2. Yes, and the antibacterial agents secreted by the sexton beetles!

      Wondering if anyone is investigating how to turn these into antibiotic medications.

  6. Excellent post, and really nice to read more about the life-histories of these (often common) species.

    When you say that these complex interactions between parents and offspring represent the highest degree of sociality among Coleoptera, it’s also worth noting that there are other instances of sociality among beetles. For example the Ambrosia beetle, Austroplatypus incompertus, is often described as fully eusocial (and therefore has an arguably even greater degree of sociality than the common sexton beetles shown here). In this species females first rear offspring by themselves in tree galleys, and then the female offspring emerge and remain behind to rear additional offspring. Interestingly, these female ‘workers’ lose the last four tarsal segments on their legs, and never leave the tree so exhibit a sterile phenotype which is very similar to eusocial ants, wasps, bees, and termites.

  7. Thank you all for the kind and motivating comments, and thanks to da Boss for giving me the opportunity to share these stories. David, thanks for citing the ambrosia beetle – a story that deserves to be told! Debra, I wouldn’t be keen on maggot therapy myself, but it has saved many limbs and probably lives. The treatment is available on Britain’s National Health Service.

  8. Great post. I love greenbottles & used to have a bucket of soggy muck in a former garden, that Eristalis larvae developed in.

  9. I knew about the maggots cleaning up wounds, as it was used in the internment camps in Indonesia during WWII (as a youngster some old internees, all dead by now, related it to me), but I had no idea it was practiced as early as 1557, nor about Ambroise Paré. Thanks for that.
    And the rest of the post, about mimicry flies, was highly informative too. Great post!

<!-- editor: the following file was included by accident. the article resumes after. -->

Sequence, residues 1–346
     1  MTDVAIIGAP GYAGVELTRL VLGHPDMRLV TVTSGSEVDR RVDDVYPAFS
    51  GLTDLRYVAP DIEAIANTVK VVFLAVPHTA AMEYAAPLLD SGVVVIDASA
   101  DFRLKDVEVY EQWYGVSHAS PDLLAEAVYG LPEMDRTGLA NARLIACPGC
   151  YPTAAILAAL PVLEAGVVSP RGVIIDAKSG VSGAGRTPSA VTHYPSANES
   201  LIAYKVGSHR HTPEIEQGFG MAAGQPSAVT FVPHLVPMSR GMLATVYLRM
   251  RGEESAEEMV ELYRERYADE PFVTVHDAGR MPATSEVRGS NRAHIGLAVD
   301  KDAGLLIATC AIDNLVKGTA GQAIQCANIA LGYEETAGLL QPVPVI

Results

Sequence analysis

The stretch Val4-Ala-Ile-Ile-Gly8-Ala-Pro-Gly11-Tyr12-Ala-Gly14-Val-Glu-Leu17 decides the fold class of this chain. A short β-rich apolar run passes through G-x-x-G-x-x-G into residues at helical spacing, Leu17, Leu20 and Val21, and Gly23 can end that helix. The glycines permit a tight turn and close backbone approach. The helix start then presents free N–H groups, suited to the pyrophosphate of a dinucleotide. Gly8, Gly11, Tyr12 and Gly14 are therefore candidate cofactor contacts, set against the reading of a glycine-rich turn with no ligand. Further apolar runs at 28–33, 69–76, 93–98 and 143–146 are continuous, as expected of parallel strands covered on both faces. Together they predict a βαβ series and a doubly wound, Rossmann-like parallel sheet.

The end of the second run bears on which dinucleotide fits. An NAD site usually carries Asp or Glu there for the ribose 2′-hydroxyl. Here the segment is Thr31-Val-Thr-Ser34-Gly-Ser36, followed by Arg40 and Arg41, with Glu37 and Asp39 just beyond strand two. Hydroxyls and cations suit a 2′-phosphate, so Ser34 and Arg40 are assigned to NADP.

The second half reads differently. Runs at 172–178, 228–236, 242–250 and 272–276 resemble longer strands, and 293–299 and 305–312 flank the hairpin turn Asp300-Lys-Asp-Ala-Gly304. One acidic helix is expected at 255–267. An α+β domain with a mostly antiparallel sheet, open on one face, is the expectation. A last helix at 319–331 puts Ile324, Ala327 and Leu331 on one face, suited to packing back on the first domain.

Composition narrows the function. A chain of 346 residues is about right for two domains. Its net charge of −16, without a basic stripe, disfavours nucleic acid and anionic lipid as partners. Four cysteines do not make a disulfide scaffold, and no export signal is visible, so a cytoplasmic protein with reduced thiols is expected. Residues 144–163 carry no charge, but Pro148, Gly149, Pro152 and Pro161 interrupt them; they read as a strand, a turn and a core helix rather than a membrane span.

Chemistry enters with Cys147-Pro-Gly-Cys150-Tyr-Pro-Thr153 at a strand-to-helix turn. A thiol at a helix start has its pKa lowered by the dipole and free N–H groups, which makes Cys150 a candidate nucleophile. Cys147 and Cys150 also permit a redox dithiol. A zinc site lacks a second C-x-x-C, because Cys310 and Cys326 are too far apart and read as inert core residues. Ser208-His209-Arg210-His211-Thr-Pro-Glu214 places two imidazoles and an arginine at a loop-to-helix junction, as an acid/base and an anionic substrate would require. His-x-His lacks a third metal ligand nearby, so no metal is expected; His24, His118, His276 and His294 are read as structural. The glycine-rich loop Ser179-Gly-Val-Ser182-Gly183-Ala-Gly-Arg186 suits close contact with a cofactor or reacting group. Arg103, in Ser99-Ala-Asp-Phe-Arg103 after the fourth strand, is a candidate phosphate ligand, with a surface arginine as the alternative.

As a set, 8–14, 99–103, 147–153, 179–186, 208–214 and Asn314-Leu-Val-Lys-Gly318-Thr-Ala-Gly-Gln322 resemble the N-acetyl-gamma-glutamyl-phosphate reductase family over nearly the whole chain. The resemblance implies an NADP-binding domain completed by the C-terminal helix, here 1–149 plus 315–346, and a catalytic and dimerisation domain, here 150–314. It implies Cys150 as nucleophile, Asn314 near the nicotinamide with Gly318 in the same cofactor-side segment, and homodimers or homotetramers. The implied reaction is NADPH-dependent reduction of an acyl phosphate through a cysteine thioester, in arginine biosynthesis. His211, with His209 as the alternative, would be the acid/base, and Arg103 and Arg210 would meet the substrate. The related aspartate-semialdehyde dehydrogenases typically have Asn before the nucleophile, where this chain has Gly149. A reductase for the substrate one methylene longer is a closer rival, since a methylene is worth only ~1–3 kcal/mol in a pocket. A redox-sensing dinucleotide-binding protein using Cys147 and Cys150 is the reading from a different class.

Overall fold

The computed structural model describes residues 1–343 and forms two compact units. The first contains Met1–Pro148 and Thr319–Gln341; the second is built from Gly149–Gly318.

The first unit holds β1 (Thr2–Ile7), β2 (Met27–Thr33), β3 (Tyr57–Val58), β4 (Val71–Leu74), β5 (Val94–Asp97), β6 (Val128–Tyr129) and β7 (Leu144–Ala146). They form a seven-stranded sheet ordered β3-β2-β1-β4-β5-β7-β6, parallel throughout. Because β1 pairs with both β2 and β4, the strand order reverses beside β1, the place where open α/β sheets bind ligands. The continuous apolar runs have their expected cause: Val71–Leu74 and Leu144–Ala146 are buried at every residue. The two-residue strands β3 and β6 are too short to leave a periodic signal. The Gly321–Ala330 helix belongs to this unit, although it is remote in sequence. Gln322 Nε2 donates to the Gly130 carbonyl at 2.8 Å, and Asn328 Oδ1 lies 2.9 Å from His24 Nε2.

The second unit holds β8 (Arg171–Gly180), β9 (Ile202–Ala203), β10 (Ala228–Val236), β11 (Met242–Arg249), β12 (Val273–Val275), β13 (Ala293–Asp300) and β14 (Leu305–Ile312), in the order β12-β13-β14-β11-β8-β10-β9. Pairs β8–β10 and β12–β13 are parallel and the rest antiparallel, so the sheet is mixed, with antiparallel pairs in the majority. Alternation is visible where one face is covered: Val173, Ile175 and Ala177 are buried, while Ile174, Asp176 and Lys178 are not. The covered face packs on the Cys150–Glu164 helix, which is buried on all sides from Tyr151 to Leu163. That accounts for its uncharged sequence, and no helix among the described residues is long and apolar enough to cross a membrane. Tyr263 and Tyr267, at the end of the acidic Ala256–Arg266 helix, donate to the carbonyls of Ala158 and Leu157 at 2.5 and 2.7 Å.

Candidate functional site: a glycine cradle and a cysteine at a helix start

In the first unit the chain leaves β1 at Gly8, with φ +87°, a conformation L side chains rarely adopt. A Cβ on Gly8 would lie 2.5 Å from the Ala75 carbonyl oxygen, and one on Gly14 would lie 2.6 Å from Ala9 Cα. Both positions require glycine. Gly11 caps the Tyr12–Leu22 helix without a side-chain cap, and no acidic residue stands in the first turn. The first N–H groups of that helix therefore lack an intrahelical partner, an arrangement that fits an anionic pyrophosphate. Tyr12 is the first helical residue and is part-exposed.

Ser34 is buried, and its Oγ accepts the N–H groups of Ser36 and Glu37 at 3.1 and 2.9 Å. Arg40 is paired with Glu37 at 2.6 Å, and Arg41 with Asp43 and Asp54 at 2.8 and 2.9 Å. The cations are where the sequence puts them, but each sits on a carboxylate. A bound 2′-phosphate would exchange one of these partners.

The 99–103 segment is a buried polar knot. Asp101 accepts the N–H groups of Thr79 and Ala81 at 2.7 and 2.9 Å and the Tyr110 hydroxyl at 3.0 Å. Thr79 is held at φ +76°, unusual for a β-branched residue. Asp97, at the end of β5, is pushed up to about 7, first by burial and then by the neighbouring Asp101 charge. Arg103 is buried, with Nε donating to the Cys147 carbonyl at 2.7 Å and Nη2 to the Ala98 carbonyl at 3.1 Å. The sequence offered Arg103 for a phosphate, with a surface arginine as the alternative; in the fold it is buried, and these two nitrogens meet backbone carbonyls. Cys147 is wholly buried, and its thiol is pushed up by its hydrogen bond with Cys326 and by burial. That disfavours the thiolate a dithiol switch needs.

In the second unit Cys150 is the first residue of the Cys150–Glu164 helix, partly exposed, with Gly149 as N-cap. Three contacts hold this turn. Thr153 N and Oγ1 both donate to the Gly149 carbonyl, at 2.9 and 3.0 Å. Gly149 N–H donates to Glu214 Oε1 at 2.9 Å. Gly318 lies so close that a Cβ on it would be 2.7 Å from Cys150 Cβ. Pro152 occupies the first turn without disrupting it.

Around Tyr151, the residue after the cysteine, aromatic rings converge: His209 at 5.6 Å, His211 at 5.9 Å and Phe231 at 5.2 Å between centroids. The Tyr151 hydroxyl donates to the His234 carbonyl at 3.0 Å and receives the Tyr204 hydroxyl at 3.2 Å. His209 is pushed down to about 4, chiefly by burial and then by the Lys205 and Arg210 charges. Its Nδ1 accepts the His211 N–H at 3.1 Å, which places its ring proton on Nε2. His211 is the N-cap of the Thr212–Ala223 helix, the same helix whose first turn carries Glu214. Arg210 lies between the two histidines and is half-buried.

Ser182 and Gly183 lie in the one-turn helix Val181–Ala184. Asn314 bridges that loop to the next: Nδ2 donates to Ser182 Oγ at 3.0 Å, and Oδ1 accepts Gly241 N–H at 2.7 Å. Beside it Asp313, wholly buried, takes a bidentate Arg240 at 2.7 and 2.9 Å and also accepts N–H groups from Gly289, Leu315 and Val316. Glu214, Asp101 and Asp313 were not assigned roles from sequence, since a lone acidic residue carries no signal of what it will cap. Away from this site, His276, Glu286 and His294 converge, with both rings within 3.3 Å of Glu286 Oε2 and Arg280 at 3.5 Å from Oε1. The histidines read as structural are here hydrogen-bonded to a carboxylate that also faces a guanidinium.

10. Interesting and disturbing post.
    The etymology of treacle is also interesting, from “relating to venomous beasts”.

    In the 18th and early 19th century, my ancestors ran a molasses mill, of the type made from sorghum. The remains of the horse-powered wood and iron press are sitting in my garden.

  11. Here is photographic evidence of bees on carrion. I took this picture in 1983 while walking through a forest in the Western Ghats of India (state of Karnataka). I saw insect activity around the rotting head of a deer. Most of the insects were flies of various sorts, but about 10 of them were honey bees (the Eastern Hive Bee, Apis cerana). They were lapping at liquid seeping from the rotting flesh. The fact that multiple bees were there, and not interacting aggressively, suggested that bees from the same colony had been recruited to the skull by way of the dances of scouts. I messed around with the bees to see if what drew them to the carcass was a need for water (they avoided pure water when I provided it) or sugars (they also declined pure honey when I smeared it on the skull). I surmised that they were there for salts or minerals. I later asked friends in a nearby village about it and was told that this bee comes to carcasses “in battalions.”

    Main picture (a not-great scan from a 2×2 slide): https://www.dropbox.com/s/sjwslqjwgk98n4w/CeranaCarrion.jpeg?dl=0

    Cropped portion to highlight the A. cerana forager: https://www.dropbox.com/s/d4xyn6abk461ead/CeranaCarrionCloseup.jpeg?dl=0

    1. Interesting, and great images. I don’t know about A. cerana, but bumble bees, including the ubiquitous B. terrestris, have been caught eating carrion, and A. mellifera has been recorded – in Spain, I believe – feeding on the fluids exuding from pig carcasses. Other exotic food items in bees’ menus are mammalian faeces, human urine and bird droppings. Probably, as you pointed out, sources of essential minerals. But bees don’t breed on or colonise corpses, as far as I know. Here’s a case of a full-time carnivore bee:
      . https://journals.asm.org/doi/10.1128/mBio.02317-21

      1. Thanks for the reference! And yes, an animal carcass would be a bad place for a perennial colony to build a nest!